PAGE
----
Multiple plaintiffs awarded a combined $2,169,232.39 after children were assaulted at childcare centre

Jun 9, 2023 | Publication

The two children attended Footprints Childcare Centre, owned by Little Pigeon Pty Ltd, between 2008 and 2010, where Mr Bird worked and was a 1% shareholder in the company. Both of the child’s Mothers removed them from the centre upon hearing that Mr Bird had been arrested and charged with offences relating to another child at the centre.

Mr Bird, the Father of the owner of Little Pigeon, spent a considerable amount of time at the childcare centre, in which he claims he treated the children as if they were his own grandchildren. At times, Mr Bird was unsupervised and committed inappropriate acts, including acts of a sexual nature, towards the children. It was found that the lack of supervision was inconsistent with the childcare protection policies in place at the centre, and that precautions should have been undertaken to prevent Mr Bird being alone with any child. 

Both the children were awarded damages for their loss and ongoing suffering, as well as the Mothers of both children for the mental harm they have suffered as a consequence of these events – amounting to a combined total of $2,169,232.39. In addition, both Ms Clancy, the owner of Little Pigeon Pty Ltd, and the company itself, was found negligent in its operation of the childcare centre.


  • B and D both attended Footprints childcare centre, owned by Little Birds Pty Ltd, where Mr Bird who worked, and was a 1% shareholder. They were then removed upon Mr Bird being arrested and charged in relation to offences relating to other children who attended the centre.
  • It was found, Mr Bird assaulted both B and D, children of A and C respectively. 
  • Mr Bird found to be an employee and not a not volunteer
  • Little Birds Pty Ltd and Ms clancy (Director and owner) vicarious liable for Mr Bird’s actions as an employee, and further negligent

Negligence (B and D – Children)

  • No issue as to duty of care on B and D
  • Found there was a breach of this duty of care
  • Child protection policy not followed, allowing Mr Bird to be unsupervised with children
  • No issue of causation

Negligence (A and C – Mothers)

  • Found duty was owed
  • And that duty was breached
  • No issues with causation



  • Non-economic loss: $158,000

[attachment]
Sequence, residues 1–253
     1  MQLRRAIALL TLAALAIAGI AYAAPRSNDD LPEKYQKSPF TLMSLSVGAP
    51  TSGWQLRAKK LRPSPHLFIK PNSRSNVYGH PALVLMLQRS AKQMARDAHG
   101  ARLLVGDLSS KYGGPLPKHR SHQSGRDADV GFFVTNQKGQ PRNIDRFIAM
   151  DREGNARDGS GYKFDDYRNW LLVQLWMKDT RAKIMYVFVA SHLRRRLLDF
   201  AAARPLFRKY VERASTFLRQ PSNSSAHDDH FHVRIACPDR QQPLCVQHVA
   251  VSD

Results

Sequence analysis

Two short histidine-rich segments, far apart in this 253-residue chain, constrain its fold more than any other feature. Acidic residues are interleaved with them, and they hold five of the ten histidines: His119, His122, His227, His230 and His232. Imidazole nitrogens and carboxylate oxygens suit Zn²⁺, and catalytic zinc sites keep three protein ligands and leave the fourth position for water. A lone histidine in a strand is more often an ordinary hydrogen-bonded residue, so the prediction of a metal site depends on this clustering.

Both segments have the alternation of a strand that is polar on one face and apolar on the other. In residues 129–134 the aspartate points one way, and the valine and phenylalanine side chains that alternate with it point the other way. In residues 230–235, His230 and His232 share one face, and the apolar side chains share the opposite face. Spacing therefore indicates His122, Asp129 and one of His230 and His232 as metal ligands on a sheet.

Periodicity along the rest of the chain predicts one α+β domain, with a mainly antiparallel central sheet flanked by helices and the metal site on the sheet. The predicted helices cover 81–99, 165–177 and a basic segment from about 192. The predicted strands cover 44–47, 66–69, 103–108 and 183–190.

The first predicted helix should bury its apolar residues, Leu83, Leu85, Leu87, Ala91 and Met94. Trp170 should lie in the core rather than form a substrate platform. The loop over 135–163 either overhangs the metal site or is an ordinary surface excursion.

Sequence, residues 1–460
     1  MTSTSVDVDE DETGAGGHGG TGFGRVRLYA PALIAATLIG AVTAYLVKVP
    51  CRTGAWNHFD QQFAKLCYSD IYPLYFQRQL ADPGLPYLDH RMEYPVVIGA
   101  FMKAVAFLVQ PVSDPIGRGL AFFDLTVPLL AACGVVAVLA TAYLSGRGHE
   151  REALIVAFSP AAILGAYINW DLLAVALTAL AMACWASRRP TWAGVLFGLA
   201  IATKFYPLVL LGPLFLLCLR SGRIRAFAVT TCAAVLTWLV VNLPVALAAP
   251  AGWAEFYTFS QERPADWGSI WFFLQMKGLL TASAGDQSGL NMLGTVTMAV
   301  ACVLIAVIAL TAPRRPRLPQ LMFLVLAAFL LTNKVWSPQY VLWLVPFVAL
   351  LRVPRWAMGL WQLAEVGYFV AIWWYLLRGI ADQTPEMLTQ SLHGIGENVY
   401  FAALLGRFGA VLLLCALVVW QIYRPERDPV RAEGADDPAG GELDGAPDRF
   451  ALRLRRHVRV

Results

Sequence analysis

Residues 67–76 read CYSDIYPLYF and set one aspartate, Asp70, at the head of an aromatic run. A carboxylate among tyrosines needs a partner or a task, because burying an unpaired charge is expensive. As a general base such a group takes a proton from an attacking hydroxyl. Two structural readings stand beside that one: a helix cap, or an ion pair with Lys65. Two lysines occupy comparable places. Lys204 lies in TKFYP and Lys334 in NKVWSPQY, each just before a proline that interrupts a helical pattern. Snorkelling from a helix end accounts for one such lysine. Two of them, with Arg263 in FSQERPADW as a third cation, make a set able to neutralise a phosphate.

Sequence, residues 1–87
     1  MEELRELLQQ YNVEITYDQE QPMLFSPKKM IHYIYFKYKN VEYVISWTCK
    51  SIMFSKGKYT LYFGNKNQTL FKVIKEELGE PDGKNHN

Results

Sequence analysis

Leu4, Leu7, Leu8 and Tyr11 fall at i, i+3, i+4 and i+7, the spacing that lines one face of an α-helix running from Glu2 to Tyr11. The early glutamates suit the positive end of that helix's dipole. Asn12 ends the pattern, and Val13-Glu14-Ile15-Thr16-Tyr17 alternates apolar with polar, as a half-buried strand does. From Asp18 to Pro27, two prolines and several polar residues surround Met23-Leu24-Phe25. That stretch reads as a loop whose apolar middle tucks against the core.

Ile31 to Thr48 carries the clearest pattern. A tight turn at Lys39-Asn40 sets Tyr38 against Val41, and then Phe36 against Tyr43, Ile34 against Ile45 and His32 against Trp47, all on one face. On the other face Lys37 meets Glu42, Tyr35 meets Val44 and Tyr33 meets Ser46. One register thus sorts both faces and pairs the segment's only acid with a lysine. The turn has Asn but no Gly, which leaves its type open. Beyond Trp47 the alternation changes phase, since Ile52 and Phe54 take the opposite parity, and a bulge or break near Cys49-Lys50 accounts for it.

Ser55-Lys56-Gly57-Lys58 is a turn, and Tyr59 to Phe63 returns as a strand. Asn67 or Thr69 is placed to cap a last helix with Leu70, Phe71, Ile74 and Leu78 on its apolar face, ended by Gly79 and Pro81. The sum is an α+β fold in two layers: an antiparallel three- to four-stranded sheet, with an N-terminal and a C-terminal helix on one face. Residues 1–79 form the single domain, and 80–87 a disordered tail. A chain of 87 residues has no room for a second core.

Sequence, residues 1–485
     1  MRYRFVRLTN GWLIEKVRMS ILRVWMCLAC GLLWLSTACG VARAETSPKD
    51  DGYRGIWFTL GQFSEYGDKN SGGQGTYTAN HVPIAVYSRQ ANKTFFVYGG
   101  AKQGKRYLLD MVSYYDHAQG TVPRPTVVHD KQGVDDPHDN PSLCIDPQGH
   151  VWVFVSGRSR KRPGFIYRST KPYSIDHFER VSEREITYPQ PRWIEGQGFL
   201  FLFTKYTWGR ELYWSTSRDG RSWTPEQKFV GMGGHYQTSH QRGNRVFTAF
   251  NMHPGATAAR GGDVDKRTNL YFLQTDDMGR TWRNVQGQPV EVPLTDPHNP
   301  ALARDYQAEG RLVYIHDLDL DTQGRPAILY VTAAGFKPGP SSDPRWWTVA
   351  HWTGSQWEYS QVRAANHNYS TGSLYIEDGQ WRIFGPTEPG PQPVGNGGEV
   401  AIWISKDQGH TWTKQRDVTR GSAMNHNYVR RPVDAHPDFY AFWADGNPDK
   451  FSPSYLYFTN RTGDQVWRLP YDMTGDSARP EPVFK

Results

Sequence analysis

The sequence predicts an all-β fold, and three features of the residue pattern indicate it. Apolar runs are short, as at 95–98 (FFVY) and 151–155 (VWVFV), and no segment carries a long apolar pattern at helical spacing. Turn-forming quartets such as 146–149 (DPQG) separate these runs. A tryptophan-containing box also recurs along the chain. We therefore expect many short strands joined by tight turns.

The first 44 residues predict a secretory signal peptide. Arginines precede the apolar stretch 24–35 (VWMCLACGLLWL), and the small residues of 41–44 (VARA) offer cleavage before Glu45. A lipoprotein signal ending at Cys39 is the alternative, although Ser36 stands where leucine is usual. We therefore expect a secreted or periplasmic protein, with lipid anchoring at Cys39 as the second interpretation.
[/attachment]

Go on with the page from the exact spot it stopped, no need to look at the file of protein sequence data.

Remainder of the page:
• Past out of pocket expenses: $$8,835.39 
  • Future out of pocket expenses: $58,478.46 
  • Past economic loss: $187,482.50
  • Past superannuation: $17,810.84
  • Future economic loss and superannuation: $111,000.
  • Past domestic assistance: $195,042.40
  • Future Domestic Assistance: $265.60 for life
  • Total: $736,649.59 


  • Non-economic loss: $270,000
  • Exemplary damages: $70,000
  • Future out of pocket: $25,000
  • Future economic loss/superannuation: $100,000
  • Total: $465,000


  • Non-economic loss: $96,000
  • Past out of pocket: $6014.10
  • Future out of pocket expenses: $52,828.61
  • Past economic loss: $225,333.50
  • Past superannuation: $21,406.6
  • Future economic losss/Superannuation: $111,000
  • Total: $512,582.81


  • Non-economic loss: $260,000
  • Exemplary damages: $70,000
  • Future out of pocket expenses: $25,000
  • Future economic loss/Superannuation: $100,000
  • Total: $455,000.00

Total Awarded damages: $2,169,232.39

The information in this publication is of a general nature and is not intended to address the circumstances of any particular individual or entity. Although we endeavour to provide accurate and timely information, we do not guarantee that the information in this publication is accurate at the date it is received or that it will continue to be accurate in the future. We are not responsible for the information of any source to which a link is provided or reference is made and exclude all liability in connection with use of these sources. If you do not wish to receive newsletters from us, please let us know.

Latest Insights

New Coercive Control Laws in NSW as of 1 July 2024

From 1 July 2024, coercive control will be a crime in NSW when a person uses abusive behaviours towards a current or former intimate partner with the intention to coerce or control them. The Crimes Legislation Amendment (Coercive Control) Act 2022makes it an...

Key Rules on Discovery Procedures for Prospective Defendants

Rules 5.2 and 5.3 of the Uniform Civil Procedure Rules 2005 (UCPR) provide essential guidelines on discovery aimed at identifying or locating prospective defendants. These rules are instrumental in the pre-litigation process, ensuring that applicants can gather...

5 Ways A Director Can Be Sued

Directors can be sued for all sorts of reasons.  Here are 5 of them. Reason #1: Insolvent Trading A director can be sued if the company he or she is a director of trades whilst insolvent.  A director has a duty to prevent the company trading and incurring...

7 Ways to Enforce a Judgment

After a judgment is obtained for an amount of money, there are numerous options open to a judgment creditor in relation to how to enforce the judgment (i.e. how to obtain the money which is owed pursuant to the judgment). Option #1: Issue a Bankruptcy Notice If the...

Who Can Bring a Compensation to Relatives Claim?

In the unfortunate event of a loved one's passing due to negligence or wrongful act, the Compensation to Relatives Act 1897 in New South Wales outlines the parameters for pursuing compensation on behalf of the deceased. Understanding who has the legal standing to...

10 Myths of Being Sued

If you or your business are sued, there are many myths about how the legal process will pan out.  Here are 10 myths about the legal process – all are incorrect. Myth #1: The matter will definitely go to a hearing Most matters settle before a Judge decides...